National Geographic Traveller UK – August 2019

(singke) #1
Dalsland is just a two-hour flight from
London — but feels light years away. I have
dim memories of early starts, cramped trains
and an overstuffed inbox, but they’re floating
away in the breeze. The air here is clean,
there seem to be more lakes than people
and I haven’t been steamrollered by a single
galloping pedestrian. After just a few hours
in West Sweden, the vestiges of smog and
stress are evaporating from my pores.
I’m kneeling on the Pilgrim’s Path, trying
to make eye contact with a sleepy little snake
warming itself in the gentle May sunshine.
The morning is crisp and full of spring, but
the snake won’t crack an eyelid. I give up,
tiptoe past and set off again along the 60-
mile trail — the same route pilgrims used to
take all the way up to Trondheim in Norway
to visit the tomb of St Olaf.
The most physically intense part of the
hike is a climb up a steep hillside, across
rocks made slippery by the light drizzle.
When I get to the top, I’m short of breath, but
it’s worth it — I can see all the way across
to Lake Vänern, Sweden’s largest lake. This
view is balm for my city-frazzled brain and
it gives me a welcome sense of perspective.
It’s a true wilderness, this dramatically green
province of forests and lakes.
A hush descends during the last part of
the walk as the forest gets deeper and more
tangled. It’s all moss and leaves and the
scent of fragrantly rotting wood. I’ve pulled
my hood up against the rain, and the only
sounds are my breath and the steady drip of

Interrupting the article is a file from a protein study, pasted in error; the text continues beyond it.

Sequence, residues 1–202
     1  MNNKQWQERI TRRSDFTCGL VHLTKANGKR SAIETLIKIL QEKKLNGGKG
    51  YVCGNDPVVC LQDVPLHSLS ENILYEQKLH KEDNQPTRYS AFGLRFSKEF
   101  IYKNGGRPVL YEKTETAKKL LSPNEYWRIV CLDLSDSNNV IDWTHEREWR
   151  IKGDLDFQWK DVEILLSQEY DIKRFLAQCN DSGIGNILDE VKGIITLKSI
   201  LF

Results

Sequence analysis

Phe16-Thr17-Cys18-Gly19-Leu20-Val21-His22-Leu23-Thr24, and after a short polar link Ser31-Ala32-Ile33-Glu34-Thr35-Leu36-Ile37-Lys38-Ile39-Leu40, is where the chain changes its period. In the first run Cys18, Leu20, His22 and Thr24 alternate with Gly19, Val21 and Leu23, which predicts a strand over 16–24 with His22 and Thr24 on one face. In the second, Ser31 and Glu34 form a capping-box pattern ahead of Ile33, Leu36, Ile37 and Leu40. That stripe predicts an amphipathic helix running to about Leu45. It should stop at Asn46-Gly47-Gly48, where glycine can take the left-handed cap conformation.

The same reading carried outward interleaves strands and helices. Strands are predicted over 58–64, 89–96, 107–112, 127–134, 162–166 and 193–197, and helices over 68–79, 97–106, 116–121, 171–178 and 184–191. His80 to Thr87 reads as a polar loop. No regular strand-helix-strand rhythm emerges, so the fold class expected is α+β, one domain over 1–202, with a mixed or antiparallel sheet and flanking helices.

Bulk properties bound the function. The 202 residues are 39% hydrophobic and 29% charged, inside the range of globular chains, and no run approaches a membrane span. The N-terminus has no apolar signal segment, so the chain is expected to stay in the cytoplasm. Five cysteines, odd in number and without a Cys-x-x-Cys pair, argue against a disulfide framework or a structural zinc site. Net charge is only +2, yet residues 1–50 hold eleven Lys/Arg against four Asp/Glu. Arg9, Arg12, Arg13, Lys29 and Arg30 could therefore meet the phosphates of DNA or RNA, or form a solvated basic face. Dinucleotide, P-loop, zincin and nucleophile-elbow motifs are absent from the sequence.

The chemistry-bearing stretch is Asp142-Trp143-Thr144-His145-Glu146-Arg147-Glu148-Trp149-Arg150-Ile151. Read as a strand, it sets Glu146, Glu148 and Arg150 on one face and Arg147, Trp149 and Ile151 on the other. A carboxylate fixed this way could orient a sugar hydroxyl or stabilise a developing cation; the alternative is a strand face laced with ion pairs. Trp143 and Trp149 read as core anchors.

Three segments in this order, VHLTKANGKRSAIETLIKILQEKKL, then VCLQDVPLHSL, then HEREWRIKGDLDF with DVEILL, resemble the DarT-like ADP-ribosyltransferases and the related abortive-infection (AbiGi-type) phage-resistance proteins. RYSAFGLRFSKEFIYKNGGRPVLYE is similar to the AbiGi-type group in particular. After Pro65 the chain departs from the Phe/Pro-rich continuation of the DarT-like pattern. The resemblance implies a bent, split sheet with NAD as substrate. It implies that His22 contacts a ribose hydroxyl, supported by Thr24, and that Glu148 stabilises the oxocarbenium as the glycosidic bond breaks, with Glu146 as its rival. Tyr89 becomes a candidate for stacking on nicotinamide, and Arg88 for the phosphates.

water on the trees. There’s a picnic bench just


Dalsland province is an oasis of deep lakes and emerald forests
— a potent antidote to the stresses and strains of city life


off the path that’s covered in mossy velvet,
slowly being claimed by the forest. The
intense green of the trees seems to leach into
the very air around me. I’m no pilgrim, but I
feel the touch of the divine.
I’ve hiked only a tiny portion of the
Pilgrim’s Way, yet my legs are already aching.
Fortunately, my evening promises to be
considerably less taxing. I’m headed to the
country manor of Baldersnäs Herrgård,
where I’ll check into the 72 Hour Cabin, a
small custom-built wooden outhouse with
glass walls and ceiling, nestled on the shore
of Lake Laxsjon.
The cabin looks otherworldly in the
twilight, the last glints of sunlight reflecting
off its transparent walls. Settling in, I feel
very exposed, with nowhere to hide from the
great Swedish outdoors. As I draw the floor-
length curtains, I realise I’m defeating the
purpose. I draw a deep breath of clean, clean
air, and open the curtains to let Dalsland into
my room. The last rays of the sun bounce off
the lake, through the glass and into the bed,
and I’m lulled to sleep by the slow movement
of the leaves above my head.
I wake to full-throated birdsong just
before dawn, and watch the sun rise from
my bed, 1,000 light years from home.
Dalsland has let me in.

72 HOUR GLASS CABINS are available across
Dalsland and West Sweden; at Baldersnäs,
Henriksholm and Dalsland Aktiviteter. Includes access
to basic amenities, essentials and equipment for






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